*Special guest sounds from the cleaner and Bourke Street trams!
Interview with the entertaining and animated Harrison Engstrom, who hails from Wollongong and has been performing comedy in Melbourne for two years. Harrison is creator of That Comedy Podcast, which evolved from Laugh Till You Cry Podcast. He also works in video and content creation, and edits videos for Quick Bites Comedy.
We discuss: Foreign Accent Syndrome, Harrison’s experience of hypnotherapy, the surprise popularity of his podcast, Corey White admiration, 9-11 obsession, Harambe the gorilla’s hashtag, the story of Diane Schuler, worry about being a terrible person, undiagnosed ADHD (which is perfect for his job), the impact of his engagement break up, advice of what not to do with acid, the Icarus myth, making a Census skit, Operation Avalanche, techniques Harrison used to cope with depression, the importance of routine and discipline, revelations at Mount Keira, belief in possibilities instead of expectations, philosophy about death, Harrison’s super powers, vacuum cleaner distraction (apologies to Harrison and our listeners!), speech patterns and accents, the firework incident, and Harrison’s messages that mental health issues can be hard but instead of motivation, focus on discipline and find what works for you; listen to Harmon Town and Bojack Horseman; and take care of yourself & reach out for help if you need it.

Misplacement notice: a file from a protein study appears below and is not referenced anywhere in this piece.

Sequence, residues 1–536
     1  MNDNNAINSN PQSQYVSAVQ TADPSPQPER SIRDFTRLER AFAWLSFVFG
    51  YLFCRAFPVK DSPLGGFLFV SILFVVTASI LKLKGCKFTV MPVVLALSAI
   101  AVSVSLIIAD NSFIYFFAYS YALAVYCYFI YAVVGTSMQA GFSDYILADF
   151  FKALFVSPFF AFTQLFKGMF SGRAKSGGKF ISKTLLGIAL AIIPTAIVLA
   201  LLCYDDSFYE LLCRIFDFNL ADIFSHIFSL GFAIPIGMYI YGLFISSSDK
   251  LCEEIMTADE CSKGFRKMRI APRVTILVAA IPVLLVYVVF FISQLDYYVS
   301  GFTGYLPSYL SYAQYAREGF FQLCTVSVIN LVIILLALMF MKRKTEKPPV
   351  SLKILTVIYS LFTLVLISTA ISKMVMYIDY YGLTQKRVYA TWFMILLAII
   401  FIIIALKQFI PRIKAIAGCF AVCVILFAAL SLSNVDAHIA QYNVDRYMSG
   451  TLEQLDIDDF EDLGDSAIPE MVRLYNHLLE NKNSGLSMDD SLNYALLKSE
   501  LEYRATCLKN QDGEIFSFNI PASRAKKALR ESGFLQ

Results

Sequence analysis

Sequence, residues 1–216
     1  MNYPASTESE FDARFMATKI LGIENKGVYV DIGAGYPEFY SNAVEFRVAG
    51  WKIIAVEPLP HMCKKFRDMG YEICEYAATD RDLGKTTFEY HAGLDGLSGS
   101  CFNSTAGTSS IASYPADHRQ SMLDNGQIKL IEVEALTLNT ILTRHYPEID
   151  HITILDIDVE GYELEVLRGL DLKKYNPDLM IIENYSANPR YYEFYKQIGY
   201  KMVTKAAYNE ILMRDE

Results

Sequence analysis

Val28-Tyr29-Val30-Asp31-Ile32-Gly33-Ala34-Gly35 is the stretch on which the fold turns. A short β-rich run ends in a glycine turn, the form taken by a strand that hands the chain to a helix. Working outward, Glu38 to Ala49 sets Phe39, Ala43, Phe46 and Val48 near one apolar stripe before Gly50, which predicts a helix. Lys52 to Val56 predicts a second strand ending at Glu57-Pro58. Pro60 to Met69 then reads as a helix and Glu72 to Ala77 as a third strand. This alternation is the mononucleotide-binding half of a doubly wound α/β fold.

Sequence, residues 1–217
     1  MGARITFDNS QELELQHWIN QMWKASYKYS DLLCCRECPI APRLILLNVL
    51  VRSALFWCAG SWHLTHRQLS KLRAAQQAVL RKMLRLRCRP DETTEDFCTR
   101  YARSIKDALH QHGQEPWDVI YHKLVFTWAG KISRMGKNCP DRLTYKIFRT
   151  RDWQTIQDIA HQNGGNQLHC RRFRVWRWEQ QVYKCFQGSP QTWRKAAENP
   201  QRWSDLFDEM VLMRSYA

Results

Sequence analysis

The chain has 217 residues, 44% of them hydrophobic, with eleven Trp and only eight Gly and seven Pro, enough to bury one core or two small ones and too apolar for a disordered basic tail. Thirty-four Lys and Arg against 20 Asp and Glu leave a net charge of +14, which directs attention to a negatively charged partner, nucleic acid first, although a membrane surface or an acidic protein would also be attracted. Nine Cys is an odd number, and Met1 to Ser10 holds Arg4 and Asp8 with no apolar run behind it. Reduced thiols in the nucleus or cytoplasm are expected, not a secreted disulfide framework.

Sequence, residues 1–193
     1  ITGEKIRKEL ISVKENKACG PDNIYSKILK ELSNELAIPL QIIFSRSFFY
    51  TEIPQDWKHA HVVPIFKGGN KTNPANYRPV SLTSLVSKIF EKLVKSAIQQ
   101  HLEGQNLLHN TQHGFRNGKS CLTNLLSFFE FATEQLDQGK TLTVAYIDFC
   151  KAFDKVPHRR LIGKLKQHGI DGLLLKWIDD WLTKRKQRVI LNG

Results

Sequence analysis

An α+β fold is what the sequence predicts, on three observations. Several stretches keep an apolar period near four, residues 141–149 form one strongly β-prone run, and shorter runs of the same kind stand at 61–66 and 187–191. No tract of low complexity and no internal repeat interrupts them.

Interview with the engaging and inquisitive Comedian Kirsty Webeck. Kirsty started out with a comedy workshop/showcase three years ago, and soon after put together a 1-hour show, which (with her Public Relations background) she managed to sell out very quickly! Since then she’s written several hour-long shows, including her first MICF show in 2015. Kirsty also works on Joy FM (94.9), including a recent seven-week stint on DriveTime.